Jarrett, Christian. “Autism –myth and reality.” Psychologist 27.10 (2014): 746-749. Web

This article tackles some of the myths that surround autism. He states that that “Not everyone with autism is a genius… People with autism can be friendly and caring” additionally he affirms that the   “  The MMR vaccine does not cause autism”    Like other  papers considered  for the  article,  it cites the  Lancet article and reminds audiences that this  paper was  actually  redacted from the   journal and that this  doctor  lost his  medical  license because of his  poor  behavior.  Unfortunately  this  myth is very  pervasive and is causing a fall  in vaccination rates that  in turn Is  costing lives as  children become ill will diseases that  could have  prevented by  getting the vaccine.

This  article is  short of  information  specifically about the  vaccine  issues  but it does  call also call into  questions the validity of the idea that there is an  increasing  outbreak of  autism, related to vaccines or otherwise.  If there has been no increase in the number of children with autism, then it’s unlikely that vaccines are at fault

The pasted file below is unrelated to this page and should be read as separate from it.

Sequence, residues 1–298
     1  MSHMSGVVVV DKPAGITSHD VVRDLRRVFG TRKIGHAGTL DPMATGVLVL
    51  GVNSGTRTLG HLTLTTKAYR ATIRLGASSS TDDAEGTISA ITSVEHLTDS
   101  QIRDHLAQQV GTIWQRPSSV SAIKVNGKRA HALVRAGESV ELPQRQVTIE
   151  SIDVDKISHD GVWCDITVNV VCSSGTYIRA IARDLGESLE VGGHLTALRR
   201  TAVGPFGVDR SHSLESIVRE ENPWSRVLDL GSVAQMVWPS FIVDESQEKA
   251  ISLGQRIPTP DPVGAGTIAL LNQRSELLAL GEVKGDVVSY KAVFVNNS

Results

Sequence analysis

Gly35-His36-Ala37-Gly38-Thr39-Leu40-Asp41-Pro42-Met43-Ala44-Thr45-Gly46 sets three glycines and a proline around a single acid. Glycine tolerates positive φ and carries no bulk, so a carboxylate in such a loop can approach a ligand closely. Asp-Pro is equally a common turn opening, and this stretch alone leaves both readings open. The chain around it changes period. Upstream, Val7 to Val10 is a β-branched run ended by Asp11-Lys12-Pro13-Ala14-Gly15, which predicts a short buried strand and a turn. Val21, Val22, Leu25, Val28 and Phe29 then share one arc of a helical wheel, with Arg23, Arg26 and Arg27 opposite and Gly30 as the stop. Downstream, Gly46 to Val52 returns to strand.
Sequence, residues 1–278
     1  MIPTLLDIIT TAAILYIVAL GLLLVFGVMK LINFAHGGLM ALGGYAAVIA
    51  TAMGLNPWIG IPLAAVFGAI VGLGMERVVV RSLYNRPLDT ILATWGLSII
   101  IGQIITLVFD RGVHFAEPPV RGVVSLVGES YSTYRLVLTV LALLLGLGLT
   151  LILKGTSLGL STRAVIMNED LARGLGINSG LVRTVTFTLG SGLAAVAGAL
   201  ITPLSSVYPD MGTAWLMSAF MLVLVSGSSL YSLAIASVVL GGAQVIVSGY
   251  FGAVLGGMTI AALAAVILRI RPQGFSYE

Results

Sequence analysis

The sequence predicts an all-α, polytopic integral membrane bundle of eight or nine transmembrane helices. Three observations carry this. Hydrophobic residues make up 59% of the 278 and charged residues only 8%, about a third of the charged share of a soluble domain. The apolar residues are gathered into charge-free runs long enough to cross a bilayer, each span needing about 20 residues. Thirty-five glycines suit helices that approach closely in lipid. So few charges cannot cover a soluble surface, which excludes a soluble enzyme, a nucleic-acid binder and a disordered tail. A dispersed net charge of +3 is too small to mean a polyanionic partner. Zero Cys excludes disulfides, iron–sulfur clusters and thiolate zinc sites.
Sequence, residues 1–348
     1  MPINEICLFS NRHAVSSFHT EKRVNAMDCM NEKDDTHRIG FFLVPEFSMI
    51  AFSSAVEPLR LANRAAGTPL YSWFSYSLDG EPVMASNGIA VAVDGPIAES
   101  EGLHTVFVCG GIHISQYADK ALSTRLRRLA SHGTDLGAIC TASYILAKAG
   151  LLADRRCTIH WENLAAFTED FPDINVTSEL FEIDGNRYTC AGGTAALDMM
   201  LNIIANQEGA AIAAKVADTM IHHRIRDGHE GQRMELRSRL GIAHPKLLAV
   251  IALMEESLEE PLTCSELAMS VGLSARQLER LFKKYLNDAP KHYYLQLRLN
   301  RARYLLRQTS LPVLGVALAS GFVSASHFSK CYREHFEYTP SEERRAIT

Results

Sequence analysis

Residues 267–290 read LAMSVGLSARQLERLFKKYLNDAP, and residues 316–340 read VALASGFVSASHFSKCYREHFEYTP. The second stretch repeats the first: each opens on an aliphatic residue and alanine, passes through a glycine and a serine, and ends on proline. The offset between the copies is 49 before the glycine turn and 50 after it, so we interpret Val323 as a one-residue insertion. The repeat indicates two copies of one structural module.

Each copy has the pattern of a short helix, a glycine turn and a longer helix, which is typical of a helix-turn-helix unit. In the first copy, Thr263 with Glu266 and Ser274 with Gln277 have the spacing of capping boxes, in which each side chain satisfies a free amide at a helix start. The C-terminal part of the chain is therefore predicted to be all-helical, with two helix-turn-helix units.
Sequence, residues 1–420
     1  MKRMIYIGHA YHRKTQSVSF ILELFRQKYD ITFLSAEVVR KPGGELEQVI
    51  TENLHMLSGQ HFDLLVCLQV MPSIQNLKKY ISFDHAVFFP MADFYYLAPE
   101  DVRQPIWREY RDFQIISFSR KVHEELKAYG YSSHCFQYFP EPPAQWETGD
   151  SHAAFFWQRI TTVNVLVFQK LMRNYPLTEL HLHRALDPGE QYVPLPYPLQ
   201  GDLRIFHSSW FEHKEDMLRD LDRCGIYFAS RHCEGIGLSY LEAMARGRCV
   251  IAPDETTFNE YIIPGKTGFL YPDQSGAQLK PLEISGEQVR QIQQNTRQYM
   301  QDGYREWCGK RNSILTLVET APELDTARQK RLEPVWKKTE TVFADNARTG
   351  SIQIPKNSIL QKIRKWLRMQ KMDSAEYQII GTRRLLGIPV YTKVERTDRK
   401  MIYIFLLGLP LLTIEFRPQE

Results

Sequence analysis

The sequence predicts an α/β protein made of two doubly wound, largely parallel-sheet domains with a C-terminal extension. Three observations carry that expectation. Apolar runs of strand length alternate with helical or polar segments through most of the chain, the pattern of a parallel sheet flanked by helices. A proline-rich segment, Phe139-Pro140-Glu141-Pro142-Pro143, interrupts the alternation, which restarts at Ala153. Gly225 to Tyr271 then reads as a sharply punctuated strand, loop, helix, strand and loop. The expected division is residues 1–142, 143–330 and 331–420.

Miller, Lisa and Joni Reynolds. “Autism and Vaccination—The Current Evidence.” Journal Compilation 14.3 (2009): 166-172. Web.

The focus of this article is to clearly outline what the scientific research on autism is.  Nurses and health practitioners want to know what they should tell their patients.  The article beings with an explanation of the history of vaccines in the United States and how vaccines are monitored to ensure that there are not issues with them. The  success of vaccines  has led to a situation where  parents  are not  concerned about the disease because they  don’t  know  anything about how  terrible it  is for  their children As the authors point  out “parents[are] not experiencing firsthand…these diseases…are now more concerned about the risks, real and theoretical, of recommended childhood vaccines.  Ultimately however these fears are unfounded because there is no scientific evidence for a connection between   vaccines and autism and vaccination rates are again starting to rise (p.167).